At this point, one of three things could happen; if the public chain is longer than the selfish miner's fork, they forfeit, and the (honest) miners on the public chain gain their rewards. If the public chain is shorter, they win, and the accidental fork is adopted as the valid chain. This is because a proof of work blockchain is built on the assumption that the longest chain is the valid chain. The "selfish" fork then becomes part of the main chain, and duplicate blocks on the main chain are discarded, causing miners who contributed to that chain to lose their rewards.

The PoW blockchain requires a lot of computational power to validate transactions, so a group of miners often carries out a mining activity called a pool, which combines their computational power to increase their chances of gaining rewards. A selfish miner needs to hold between five to ten percent of the hash rate on the network.

Is Selfish Mining Dangerous?

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One effect of a selfish mining attack is the centralization of the network. Nodes on PoW blockchains are required to adopt the longest chain as the valid version of the blockchain. Because honest nodes risk losing their rewards if the selfish chain turns out to be longer at publication, they are more likely to join the pool of selfish miners. Eventually, the selfish pool grows to become the majority on the blockchain and eliminates the decentralization on the network.

Mining centralization on the Bitcoin network can also lead to a delay in transactions. When a selfish pool becomes the majority on a network, it can dictate which transactions get added to the public chain. Selfish miners are more likely to prioritize blocks with higher rewards. This selection of transactions will lead to a pileup of transactions and make the network inefficient.

Additionally, selfish mining by introducing centralization to the blockchain creates the perfect environment for malicious actors. Issues like double spending could also be carried out because the task of validating transactions resides in the power of dishonest nodes.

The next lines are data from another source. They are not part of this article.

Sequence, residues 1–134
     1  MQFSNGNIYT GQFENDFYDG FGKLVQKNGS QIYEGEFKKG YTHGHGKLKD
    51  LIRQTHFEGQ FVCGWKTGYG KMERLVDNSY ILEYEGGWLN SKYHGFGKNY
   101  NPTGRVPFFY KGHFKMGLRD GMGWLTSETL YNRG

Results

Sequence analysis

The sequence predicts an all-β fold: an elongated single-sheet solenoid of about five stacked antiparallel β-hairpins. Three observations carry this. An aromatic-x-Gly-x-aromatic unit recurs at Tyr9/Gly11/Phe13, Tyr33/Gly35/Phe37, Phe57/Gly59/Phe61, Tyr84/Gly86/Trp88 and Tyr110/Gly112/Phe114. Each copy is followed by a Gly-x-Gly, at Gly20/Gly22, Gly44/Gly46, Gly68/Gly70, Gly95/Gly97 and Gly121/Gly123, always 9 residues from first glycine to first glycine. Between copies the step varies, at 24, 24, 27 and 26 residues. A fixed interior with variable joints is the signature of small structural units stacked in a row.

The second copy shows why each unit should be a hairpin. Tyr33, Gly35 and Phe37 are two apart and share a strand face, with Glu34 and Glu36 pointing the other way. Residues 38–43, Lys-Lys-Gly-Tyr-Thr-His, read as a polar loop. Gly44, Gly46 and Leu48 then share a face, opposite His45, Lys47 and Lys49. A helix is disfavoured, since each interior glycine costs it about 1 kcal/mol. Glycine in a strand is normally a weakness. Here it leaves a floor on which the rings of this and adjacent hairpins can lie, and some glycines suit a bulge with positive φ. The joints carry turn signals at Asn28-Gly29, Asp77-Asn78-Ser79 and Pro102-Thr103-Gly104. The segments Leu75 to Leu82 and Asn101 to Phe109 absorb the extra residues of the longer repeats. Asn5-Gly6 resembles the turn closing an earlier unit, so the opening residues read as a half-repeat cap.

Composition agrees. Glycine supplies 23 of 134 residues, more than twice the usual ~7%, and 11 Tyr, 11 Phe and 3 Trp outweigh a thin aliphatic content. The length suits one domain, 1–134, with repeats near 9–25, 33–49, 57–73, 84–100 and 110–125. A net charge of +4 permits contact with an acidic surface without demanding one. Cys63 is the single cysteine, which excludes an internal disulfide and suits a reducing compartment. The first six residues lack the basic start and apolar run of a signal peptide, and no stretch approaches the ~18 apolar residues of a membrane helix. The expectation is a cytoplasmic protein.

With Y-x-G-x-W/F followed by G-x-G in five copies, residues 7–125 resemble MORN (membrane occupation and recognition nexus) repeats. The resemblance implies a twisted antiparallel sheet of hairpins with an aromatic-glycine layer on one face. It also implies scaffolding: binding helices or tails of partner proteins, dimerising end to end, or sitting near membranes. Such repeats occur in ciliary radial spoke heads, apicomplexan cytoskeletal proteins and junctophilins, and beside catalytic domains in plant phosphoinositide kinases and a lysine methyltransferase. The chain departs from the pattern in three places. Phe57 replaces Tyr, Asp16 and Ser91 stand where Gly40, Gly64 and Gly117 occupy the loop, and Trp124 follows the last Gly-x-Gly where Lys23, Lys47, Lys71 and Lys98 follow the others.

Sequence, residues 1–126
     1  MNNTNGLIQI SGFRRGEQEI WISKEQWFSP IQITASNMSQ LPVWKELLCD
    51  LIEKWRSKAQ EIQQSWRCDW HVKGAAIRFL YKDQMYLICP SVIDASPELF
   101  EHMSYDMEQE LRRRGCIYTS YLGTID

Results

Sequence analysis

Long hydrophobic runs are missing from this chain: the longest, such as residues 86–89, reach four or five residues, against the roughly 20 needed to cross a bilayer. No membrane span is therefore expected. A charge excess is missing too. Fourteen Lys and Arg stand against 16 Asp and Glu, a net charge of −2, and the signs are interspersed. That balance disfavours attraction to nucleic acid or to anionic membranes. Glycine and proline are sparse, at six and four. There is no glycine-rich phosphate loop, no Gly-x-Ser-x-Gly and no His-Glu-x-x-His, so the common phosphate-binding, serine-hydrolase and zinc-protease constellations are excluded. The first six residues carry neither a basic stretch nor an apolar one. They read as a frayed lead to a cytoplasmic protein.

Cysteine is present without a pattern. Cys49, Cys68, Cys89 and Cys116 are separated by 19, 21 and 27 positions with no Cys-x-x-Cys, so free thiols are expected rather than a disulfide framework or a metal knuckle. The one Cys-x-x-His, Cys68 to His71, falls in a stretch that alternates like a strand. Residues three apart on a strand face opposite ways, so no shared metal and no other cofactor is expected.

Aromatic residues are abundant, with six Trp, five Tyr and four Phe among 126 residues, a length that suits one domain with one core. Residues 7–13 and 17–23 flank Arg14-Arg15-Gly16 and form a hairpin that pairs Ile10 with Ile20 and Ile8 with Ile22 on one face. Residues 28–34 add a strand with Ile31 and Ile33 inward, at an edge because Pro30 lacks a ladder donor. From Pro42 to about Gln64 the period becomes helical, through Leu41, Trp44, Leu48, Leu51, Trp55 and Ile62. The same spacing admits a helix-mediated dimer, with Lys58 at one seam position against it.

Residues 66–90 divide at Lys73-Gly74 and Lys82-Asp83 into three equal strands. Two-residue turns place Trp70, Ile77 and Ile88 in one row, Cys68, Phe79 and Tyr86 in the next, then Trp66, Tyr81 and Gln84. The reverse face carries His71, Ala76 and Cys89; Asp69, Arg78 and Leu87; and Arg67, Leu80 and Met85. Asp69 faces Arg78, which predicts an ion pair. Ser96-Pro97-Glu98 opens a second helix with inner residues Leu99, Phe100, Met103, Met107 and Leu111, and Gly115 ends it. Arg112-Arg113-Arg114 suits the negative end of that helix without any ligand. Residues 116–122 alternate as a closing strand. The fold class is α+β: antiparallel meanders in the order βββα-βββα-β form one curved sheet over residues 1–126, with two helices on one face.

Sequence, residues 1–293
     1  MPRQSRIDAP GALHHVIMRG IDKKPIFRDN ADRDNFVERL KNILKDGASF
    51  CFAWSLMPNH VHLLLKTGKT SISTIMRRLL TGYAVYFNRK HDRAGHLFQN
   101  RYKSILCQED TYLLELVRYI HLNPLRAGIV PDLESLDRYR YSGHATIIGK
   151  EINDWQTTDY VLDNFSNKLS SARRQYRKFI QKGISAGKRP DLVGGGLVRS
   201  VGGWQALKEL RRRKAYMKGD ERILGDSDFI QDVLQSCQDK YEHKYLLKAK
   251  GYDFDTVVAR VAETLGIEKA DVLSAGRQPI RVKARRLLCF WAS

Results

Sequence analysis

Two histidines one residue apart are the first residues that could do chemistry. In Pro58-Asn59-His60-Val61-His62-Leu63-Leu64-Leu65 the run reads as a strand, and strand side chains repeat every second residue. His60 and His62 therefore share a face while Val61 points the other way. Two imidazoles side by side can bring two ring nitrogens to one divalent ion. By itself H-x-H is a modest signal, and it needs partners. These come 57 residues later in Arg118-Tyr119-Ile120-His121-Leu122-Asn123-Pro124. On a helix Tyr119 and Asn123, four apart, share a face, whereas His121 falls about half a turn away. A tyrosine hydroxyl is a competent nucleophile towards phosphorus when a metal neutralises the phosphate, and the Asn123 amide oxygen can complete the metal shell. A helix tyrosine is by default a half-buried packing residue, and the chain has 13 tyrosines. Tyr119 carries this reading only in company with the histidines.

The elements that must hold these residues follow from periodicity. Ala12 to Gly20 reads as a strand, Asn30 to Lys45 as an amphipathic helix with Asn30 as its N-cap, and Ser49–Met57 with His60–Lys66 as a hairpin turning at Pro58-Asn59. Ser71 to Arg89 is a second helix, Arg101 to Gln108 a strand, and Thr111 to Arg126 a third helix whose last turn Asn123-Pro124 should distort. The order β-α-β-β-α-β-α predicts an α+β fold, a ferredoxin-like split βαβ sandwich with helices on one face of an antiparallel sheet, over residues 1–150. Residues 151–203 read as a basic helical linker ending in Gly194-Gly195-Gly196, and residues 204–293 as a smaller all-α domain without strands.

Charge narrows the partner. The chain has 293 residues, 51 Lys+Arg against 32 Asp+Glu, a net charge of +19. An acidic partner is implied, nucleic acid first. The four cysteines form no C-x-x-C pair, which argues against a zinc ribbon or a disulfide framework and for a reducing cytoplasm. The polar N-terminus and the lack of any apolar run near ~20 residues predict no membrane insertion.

Strategies for Combating Selfish Mining

Several strategies have been proposed to combat selfish mining on the Bitcoin network, and each strategy takes a different approach. While some suggest making changes to the network, other strategies include providing nodes with incentives to remain honest.

The first solution proposed is a randomization technique. This is known as a backward-compatible change. It requires miners who stumble upon more than one fork on the blockchain to select which fork to continue working on at random. In addition to randomly selecting blocks, miners must publish information on all discovered blocks and forks. Because selfish mining depends on a private chain and deliberate continuous mining on that chain, introducing a random selection process undermines the activity.

A separate strategy involves branding each block with a timestamp. The timestamp will include information on when each block was mined, so when a block is mined privately and subsequently added to the main chain with its out-of-date timestamp, it can be easily picked apart from the rest and discarded.

Selfish Mining Reduces Bitcoin's Value

Regardless of their lucrative appeal, selfish mining attacks can negatively affect the blockchain network. They can lead to centralization and transaction delays, creating the perfect environment for malicious actors.

Several strategies have been proposed to combat selfish mining, including making changes to the protocol and incentivizing nodes to remain honest. Ultimately, for miners to be profitable, it is in their best interest to act honestly and maintain the value proposition of the cryptocurrency.